Hmm, I just got the thing together half an hour ago and connected to a time server so I could set the clock, and it all works fine except floppy reads. Odd. I'll check that out tomorrow.

I don't think it makes much difference what speed it is. The machine will be (as before) run headless so the I/O using a parallel port network connection will be 15200 AFAIK. Any other bench marks will probably not be applicable, except like I mentioned, the floppy read/write and that, as we know, won't change anyway. This machine is mostly for the remote use of a 1.2 meg floppy drive since I have the 360 in my main DOS box - and both of them need a 1.44. It also contains the HDD of a computer called Marasmius which has followed me for years and I refer to for the oldest of my files. In short, it is really a part of my main DOS machine, just an extension on the end of a wire.

Quake? hehe I'm half a century older than you probably think. :) There's no mouse possible on this thing and I didn't add an external serial port since I had no particular use for it. The headers are there if I change my mind.

You can see the arrangement here (http://i793.photobucket.com/albums/yy217/Eyonymus/c4-a.jpg?t=1250041017). The top one is ANA, my main DOS box (it's rocket fast) but before it got a CF drive and the 360 floppy. The lower one is the old version of MAR which I just rebuilt. Now it just has a video card (for setup and special occasions) and a network card. I put the cards right at the top so I can use the bottom for storage.

keropi
March 18th, 2012, 06:25 AM
ah, now I understand the purpose of this machine... it doesn't matter if it has cache or not , it's all the same :)

Ole Juul
March 18th, 2012, 04:21 PM
I don't do stuff in a normal fashion. hehe

Talking about cache, I found the solution to the broken floppy read problem. When looking through my configs, I noticed SMARTDRV which is standard for me. It occurred to me to rem it out and try again. Floppies now read and write! I'm going to put that in another thread about caching, as I think there are some interesting issues there.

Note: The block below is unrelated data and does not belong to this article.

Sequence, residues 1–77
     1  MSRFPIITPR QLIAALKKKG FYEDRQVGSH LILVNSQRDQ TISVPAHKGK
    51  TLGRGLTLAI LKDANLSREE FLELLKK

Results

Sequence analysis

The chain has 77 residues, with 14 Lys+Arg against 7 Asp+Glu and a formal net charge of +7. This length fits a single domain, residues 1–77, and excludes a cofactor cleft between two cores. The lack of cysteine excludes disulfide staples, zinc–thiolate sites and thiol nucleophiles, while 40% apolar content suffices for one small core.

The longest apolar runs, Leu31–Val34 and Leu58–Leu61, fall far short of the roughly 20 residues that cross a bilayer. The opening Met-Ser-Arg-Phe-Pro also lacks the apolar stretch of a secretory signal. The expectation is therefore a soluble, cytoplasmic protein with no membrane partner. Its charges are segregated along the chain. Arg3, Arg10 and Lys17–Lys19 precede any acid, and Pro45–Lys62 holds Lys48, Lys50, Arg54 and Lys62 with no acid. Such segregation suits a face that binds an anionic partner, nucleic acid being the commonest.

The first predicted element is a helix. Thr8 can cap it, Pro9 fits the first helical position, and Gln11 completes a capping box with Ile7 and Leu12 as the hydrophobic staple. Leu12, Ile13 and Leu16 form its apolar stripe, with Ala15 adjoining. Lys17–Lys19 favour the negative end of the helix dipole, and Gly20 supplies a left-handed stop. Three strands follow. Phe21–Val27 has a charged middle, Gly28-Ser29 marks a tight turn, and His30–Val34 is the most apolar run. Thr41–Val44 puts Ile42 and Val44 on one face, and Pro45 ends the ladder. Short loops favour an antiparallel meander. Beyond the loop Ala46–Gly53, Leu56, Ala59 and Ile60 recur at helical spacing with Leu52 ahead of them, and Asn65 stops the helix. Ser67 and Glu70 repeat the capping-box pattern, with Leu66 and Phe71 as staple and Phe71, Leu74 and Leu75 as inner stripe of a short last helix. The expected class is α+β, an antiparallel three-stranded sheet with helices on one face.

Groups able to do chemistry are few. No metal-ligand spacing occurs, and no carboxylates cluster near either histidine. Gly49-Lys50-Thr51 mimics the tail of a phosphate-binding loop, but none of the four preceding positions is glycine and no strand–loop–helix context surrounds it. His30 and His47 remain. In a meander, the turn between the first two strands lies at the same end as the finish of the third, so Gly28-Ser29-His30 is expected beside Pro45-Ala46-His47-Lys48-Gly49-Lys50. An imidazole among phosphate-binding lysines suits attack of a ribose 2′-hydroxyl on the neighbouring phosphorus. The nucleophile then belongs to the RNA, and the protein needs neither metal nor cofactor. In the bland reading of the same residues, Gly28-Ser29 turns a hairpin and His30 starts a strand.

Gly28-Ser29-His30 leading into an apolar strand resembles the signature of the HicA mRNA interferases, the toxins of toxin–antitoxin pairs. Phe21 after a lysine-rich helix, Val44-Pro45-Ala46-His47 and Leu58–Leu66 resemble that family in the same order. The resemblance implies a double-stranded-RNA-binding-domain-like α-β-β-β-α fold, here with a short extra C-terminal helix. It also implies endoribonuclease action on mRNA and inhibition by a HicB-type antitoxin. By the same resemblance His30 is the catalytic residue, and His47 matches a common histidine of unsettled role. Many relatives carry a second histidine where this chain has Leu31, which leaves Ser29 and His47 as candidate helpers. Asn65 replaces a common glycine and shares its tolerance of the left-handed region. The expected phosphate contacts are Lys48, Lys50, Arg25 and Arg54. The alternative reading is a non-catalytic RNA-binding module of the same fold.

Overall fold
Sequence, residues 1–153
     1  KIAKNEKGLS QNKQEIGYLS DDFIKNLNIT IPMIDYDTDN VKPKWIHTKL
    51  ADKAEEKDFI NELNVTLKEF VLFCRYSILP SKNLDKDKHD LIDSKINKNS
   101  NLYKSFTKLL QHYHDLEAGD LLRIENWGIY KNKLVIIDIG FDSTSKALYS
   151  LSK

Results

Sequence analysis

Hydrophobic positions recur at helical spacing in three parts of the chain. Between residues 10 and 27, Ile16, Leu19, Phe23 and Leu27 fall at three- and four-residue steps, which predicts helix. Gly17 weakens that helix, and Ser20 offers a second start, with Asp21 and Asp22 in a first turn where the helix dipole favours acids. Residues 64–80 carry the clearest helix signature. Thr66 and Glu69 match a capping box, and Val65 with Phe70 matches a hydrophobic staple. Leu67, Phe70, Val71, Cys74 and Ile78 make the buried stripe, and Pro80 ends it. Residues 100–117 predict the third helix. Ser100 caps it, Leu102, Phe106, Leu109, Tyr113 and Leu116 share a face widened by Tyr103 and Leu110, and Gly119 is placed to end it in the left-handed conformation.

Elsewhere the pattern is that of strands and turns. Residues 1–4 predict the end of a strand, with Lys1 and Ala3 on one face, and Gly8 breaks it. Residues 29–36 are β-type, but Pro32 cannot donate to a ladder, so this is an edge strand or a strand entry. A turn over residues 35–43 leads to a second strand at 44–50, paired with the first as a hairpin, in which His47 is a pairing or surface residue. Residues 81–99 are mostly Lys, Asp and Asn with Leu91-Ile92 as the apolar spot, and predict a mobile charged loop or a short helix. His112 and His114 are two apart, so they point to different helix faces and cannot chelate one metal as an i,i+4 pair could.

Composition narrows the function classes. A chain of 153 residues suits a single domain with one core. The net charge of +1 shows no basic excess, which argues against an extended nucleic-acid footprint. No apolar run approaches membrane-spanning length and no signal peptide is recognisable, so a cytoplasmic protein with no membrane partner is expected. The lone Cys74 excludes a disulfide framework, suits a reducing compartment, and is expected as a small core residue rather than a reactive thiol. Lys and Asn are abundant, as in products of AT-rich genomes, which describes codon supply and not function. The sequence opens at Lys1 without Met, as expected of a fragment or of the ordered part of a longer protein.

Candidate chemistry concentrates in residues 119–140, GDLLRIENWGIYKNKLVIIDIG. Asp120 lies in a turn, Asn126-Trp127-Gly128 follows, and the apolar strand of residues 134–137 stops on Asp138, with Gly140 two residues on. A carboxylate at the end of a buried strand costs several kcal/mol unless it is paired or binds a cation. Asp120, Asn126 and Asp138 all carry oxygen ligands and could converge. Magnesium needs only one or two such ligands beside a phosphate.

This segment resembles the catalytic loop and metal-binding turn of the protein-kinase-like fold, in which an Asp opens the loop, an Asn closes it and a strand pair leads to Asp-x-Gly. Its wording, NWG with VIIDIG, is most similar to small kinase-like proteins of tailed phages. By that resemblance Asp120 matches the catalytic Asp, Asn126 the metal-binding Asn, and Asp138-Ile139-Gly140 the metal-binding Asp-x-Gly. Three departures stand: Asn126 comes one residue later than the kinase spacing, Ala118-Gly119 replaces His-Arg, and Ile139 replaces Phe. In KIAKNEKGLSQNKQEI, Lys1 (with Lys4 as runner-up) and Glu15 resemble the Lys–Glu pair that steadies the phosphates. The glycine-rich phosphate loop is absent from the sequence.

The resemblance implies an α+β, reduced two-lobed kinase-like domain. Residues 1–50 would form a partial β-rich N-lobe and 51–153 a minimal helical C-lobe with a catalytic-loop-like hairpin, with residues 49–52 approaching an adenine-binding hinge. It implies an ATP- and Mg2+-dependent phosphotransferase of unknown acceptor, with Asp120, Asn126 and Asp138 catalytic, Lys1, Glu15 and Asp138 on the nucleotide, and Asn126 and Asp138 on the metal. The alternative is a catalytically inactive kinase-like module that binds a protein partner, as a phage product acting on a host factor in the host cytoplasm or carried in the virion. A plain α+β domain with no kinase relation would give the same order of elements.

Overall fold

keropi
March 18th, 2012, 04:37 PM
IIRC I had some weird issues with smartdrv and SHSUCDX (the FreeDOS MSCDEX replacement) , I eventually dropped SHSUCDX due to incompatibilities with some of my old games but I kept smartdrv from caching any removable media just to be sure...

Ole Juul
March 18th, 2012, 05:57 PM
IIRC I had some weird issues with smartdrv and SHSUCDX (the FreeDOS MSCDEX replacement) , I eventually dropped SHSUCDX due to incompatibilities with some of my old games but I kept smartdrv from caching any removable media just to be sure...

Very interesting. I run SHSUCDX too - on both DOS machines. It sounds like the functionality of the MB that I refer to in this thread may not be related to these problems then. I'd be curious how you determined the connection between smartdrv and SHSUCDX, but I'll post another thread about smartdrv that right now.

Edit: The smartdrv thread is here (http://www.vintage-computer.com/vcforum/showthread.php?29819-SMARTDRV-caching-and-floppy-read).

Ole Juul
March 18th, 2012, 11:26 PM
Just for interest sake I ran DriveSpeed (v3.10) on this machine (P100) with the fake cache, as well as the better DOS box with the ASUS (P133) mother board. It's about what I would have expected, regardless of cache. Smartdrv is not used on either drive.


P100 using disk drive:
ramdisk write 18.3 MB/Sec read 18.3 MB/Sec
hdd write 0.747 MB/Sec read 1.66 MB/Sec

P133 using CF drive:
ramdisk write 41.5 MB/Sec read 30.7 MB/Sec
hdd write 0.853 MB/Sec read 5.49 MB/Sec